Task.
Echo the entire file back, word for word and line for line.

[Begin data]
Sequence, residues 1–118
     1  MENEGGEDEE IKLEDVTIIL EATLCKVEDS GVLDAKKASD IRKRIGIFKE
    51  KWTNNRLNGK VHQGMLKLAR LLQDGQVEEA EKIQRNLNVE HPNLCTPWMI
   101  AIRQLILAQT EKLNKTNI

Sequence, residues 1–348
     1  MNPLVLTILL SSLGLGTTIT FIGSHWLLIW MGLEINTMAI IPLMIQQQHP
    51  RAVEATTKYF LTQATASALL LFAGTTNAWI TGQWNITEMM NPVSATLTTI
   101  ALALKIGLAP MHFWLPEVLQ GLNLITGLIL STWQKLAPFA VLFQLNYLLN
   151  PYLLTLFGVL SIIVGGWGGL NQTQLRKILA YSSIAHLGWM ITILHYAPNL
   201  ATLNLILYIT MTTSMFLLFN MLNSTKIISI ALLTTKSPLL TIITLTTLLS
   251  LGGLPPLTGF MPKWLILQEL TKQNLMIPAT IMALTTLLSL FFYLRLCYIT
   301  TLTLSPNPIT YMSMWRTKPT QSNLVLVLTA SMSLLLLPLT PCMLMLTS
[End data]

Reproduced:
Sequence, residues 1–118
     1  MENEGGEDEE IKLEDVTIIL EATLCKVEDS GVLDAKKASD IRKRIGIFKE
    51  KWTNNRLNGK VHQGMLKLAR LLQDGQVEEA EKIQRNLNVE HPNLCTPWMI
   101  AIRQLILAQT EKLNKTNI

Sequence, residues 1–348
     1  MNPLVLTILL SSLGLGTTIT FIGSHWLLIW MGLEINTMAI IPLMIQQQHP
    51  RAVEATTKYF LTQATASALL LFAGTTNAWI TGQWNITEMM NPVSATLTTI
   101  ALALKIGLAP MHFWLPEVLQ GLNLITGLIL STWQKLAPFA VLFQLNYLLN
   151  PYLLTLFGVL SIIVGGWGGL NQTQLRKILA YSSIAHLGWM ITILHYAPNL
   201  ATLNLILYIT MTTSMFLLFN MLNSTKIISI ALLTTKSPLL TIITLTTLLS
   251  LGGLPPLTGF MPKWLILQEL TKQNLMIPAT IMALTTLLSL FFYLRLCYIT
   301  TLTLSPNPIT YMSMWRTKPT QSNLVLVLTA SMSLLLLPLT PCMLMLTS